Jayy Hop is part of the new generation of Black bluesman. From Georgia, he got his start in the Church, first playing drums in Gospel groups before being introduced to guitar by his cousin. The guitar led him on a musical journey backwards through time, unpacking the history of blues guitar from Jimi Hendrix through Albert Collins and Son Seals through the funky soul of the Ohio Players (founded by his Uncles Robert and Billy Ward). He went to school with Jontavious Willis, who then opened his ears to an even earlier generation of acoustic players. Jayy is on the path to becoming a powerful force in Country Blues working with Jontavious as well one of the elder living master of the country blues sound, Bentonia, Mississippi ‘s own, Jimmy “Duck “ Holmes. For this show, he will be sharing the stage with his longtime friend, Jontavious Willis, for an evening of old blues, masterfully performed by the next generation of young masters.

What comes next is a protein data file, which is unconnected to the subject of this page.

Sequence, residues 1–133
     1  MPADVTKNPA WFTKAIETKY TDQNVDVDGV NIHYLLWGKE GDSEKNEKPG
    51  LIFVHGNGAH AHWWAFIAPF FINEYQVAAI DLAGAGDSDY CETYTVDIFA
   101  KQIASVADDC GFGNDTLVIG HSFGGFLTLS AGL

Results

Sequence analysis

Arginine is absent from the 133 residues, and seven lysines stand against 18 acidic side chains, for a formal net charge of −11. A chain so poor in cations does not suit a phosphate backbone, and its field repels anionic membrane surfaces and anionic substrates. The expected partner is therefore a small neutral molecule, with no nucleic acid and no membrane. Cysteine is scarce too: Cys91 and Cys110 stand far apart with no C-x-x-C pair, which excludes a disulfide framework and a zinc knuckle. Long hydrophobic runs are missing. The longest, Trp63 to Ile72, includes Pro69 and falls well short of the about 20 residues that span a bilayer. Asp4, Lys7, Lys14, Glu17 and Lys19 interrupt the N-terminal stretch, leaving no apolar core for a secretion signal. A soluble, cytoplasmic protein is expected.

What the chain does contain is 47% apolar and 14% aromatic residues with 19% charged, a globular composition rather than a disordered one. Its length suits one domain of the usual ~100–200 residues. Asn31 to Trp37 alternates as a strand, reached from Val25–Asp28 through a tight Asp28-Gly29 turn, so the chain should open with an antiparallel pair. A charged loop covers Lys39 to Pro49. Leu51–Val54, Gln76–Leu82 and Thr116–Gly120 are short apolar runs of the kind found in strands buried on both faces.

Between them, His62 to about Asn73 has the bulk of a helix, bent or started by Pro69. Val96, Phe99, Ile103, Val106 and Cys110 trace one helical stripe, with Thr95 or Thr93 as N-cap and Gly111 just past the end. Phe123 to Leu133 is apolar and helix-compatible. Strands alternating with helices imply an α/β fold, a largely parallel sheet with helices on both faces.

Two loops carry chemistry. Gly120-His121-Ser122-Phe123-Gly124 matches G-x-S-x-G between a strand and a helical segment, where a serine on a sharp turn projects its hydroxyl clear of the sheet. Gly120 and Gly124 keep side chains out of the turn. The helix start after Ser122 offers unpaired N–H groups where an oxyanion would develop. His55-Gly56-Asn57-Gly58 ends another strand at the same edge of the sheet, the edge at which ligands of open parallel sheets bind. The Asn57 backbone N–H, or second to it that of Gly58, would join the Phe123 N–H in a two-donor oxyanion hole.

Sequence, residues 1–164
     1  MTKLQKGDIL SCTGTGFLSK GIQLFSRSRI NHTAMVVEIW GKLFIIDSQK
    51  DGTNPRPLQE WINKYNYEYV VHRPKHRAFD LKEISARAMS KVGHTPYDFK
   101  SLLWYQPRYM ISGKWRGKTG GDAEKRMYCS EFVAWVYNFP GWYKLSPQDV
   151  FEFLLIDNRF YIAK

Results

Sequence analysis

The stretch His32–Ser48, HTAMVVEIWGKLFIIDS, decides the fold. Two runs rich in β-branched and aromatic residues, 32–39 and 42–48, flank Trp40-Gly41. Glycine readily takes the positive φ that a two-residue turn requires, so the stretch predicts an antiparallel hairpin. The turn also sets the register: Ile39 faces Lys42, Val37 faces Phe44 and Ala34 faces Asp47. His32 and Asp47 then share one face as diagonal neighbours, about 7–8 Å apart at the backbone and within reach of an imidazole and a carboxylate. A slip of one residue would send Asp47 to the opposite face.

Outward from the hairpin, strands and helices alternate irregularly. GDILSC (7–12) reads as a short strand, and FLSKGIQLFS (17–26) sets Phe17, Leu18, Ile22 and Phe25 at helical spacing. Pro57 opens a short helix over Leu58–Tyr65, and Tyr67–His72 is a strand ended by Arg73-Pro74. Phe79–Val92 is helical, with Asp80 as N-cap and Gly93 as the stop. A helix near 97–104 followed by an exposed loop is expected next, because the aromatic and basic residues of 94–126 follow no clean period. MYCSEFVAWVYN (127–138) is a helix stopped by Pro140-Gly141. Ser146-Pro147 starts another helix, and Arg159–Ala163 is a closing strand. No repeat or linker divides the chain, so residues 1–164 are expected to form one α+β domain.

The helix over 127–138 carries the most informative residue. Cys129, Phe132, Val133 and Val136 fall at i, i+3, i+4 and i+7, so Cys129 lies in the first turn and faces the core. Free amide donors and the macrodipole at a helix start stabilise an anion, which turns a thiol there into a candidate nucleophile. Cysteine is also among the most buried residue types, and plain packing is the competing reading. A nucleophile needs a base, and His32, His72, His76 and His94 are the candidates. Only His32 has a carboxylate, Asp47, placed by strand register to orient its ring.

TICKETS
Tickets are $20 for adults, $16 for seniors 62+ and subscribers, $10 for youth 18 and under, $10 for Bucknell employees and retirees (limit 2), free for Bucknell students (limit 1) and $10 for non-Bucknell students (limit 2).

Tickets can be reserved by calling 570-577-1000 or online at Bucknell.edu/BoxOffice.

Tickets are also available in person from several locations including the Weis Center lobby (weekdays 10 a.m. to 4 p.m.) and the CAP Center Box Office, located on the ground floor of the Elaine Langone Center (weekdays 10 a.m. to 4 p.m.).

For more information about this event, contact Lisa Leighton, marketing and outreach director, at 570-577-3727 or by e-mail at [email protected].